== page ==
Is there a quadrangle $Q \subset \Bbb CP^2$, namely $Q$ is a set of four points, such that every permutation of $Q$ can be realizad by an isometric projectivity of $\Bbb CP^2$? Clearly the analogous question for a triangle in $\Bbb CP^1 \cong S^2$ has affirmative answer: it is a maximal equilateral triangle.

More generally, is there a subset of $n+2$ points in $\Bbb CP^n$ such that all of its permutations are restrictions of some isometric projectivity?


That is true, since this is so for $\mathbb RP^n$ - take $n+2$ vertices of a "regular simplex" in it -- i.e. take the regular simplex in $S^n$ and project its vertices to $\mathbb RP^n$.

In coordinates, take points $(1,0,\ldots,0)$, ... $(0,\ldots,0,1)$ in $\mathbb R^{n+2}$, take the hyperplane $\sum_i x_i=1$ and take the $S^n$ in it that passes through these points. Then project this to $\mathbb RP^n$ by the central symmetry of $S^n$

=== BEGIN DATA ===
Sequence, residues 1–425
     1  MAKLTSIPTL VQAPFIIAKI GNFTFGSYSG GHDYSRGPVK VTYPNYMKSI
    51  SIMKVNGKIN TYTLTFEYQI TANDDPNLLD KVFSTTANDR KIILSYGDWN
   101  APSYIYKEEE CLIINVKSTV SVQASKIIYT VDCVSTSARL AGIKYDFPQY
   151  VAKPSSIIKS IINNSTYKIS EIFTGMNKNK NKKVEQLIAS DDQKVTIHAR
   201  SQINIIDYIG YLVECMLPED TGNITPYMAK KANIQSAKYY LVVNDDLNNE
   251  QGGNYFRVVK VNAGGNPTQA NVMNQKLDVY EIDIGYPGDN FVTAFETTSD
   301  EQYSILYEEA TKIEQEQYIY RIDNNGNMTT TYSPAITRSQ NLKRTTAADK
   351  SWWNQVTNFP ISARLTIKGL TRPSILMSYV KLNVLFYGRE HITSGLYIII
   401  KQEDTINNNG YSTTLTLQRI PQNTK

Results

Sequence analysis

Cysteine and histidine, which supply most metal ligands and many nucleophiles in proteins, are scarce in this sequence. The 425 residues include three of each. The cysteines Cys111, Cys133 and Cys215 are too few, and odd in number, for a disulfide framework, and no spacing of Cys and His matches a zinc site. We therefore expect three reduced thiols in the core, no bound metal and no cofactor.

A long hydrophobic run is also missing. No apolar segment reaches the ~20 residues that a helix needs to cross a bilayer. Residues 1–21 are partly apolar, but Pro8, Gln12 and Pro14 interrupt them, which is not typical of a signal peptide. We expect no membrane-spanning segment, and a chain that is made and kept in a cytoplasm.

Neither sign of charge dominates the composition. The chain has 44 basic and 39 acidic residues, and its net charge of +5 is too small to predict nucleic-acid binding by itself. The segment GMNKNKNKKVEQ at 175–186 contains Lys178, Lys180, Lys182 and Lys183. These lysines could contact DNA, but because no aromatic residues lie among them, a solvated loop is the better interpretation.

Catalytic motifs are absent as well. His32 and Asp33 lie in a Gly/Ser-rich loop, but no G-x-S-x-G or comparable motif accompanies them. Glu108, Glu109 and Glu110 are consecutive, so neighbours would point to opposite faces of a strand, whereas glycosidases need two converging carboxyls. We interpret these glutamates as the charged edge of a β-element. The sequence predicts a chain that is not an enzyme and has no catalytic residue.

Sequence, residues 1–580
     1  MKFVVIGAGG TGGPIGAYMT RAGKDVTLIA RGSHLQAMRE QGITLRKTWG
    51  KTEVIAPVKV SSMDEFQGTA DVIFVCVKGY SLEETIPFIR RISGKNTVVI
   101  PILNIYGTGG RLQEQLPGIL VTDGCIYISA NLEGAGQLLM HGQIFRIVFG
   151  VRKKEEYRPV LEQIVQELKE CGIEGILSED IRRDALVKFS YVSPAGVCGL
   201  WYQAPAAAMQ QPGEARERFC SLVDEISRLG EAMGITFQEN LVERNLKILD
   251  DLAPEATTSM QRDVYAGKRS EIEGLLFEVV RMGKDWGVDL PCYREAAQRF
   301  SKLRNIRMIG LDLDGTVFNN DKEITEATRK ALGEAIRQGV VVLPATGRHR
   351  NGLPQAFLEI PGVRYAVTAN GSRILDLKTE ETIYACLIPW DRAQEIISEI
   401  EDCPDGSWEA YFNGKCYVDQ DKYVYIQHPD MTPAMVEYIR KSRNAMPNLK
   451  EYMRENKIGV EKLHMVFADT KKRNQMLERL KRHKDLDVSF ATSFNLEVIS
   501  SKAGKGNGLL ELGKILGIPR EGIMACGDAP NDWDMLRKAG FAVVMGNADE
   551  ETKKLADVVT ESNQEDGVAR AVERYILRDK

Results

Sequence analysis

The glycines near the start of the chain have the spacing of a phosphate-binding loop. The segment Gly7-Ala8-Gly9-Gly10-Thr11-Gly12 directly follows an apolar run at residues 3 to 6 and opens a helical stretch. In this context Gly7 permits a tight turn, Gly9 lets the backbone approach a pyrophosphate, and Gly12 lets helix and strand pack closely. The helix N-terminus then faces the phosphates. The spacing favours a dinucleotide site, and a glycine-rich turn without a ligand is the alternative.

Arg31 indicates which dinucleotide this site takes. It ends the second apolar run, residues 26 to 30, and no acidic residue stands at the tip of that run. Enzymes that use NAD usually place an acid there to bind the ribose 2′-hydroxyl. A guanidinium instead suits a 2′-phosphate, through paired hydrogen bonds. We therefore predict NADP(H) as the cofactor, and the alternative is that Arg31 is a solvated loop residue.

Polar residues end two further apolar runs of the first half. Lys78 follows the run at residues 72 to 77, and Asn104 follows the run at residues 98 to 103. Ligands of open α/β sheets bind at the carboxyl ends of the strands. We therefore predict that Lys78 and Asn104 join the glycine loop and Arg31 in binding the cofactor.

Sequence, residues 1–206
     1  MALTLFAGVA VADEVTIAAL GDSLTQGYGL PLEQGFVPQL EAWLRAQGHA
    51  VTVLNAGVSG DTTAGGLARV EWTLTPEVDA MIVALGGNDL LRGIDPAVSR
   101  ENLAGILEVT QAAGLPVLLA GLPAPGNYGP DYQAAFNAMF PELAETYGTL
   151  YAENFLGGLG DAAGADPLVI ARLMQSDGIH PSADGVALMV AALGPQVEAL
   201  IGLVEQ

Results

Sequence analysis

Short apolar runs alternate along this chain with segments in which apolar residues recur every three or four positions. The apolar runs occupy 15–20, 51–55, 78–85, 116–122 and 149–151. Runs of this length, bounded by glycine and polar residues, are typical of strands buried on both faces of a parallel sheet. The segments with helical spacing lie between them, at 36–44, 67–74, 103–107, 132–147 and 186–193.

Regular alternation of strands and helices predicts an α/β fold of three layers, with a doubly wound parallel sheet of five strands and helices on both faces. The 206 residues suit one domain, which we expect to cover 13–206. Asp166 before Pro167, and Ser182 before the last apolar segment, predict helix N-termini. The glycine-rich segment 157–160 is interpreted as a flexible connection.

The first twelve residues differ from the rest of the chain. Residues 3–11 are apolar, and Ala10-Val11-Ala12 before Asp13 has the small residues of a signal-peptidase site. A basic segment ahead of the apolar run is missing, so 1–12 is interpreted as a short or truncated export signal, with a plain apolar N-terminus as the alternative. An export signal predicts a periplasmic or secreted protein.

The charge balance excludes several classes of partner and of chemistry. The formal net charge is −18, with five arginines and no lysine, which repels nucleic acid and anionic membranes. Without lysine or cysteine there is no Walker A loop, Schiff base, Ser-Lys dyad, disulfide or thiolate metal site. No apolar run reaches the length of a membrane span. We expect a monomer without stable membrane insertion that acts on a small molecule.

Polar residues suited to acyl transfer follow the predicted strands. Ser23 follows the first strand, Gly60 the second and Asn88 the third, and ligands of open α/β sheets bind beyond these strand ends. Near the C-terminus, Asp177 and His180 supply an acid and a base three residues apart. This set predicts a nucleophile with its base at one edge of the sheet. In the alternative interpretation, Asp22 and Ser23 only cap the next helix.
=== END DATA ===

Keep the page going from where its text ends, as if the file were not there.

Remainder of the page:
• $\begingroup$ I don't understand why transpositions are realizable by isometries $\endgroup$ – Daniele Zuddas Mar 18 '18 at 19:32
  • $\begingroup$ Because this is so for $S^n$ $\endgroup$ – Dmitri Panov Mar 18 '18 at 19:33
  • $\begingroup$ but a simplex in $\Bbb RP^n$ has at most $n+1$ vertices, depending on its dimension $\endgroup$ – Daniele Zuddas Mar 18 '18 at 19:35
  • $\begingroup$ THE regular simplex in $S^n$ has $n+2$ vertices. The example that I propose is just the generalization of yours $\endgroup$ – Dmitri Panov Mar 18 '18 at 19:36
  • $\begingroup$ sorry, I misunderstood. So you take a regular simplex in $\Bbb R^n$ all of whose vertices belong to $S^n$, isn't? $\endgroup$ – Daniele Zuddas Mar 18 '18 at 19:43

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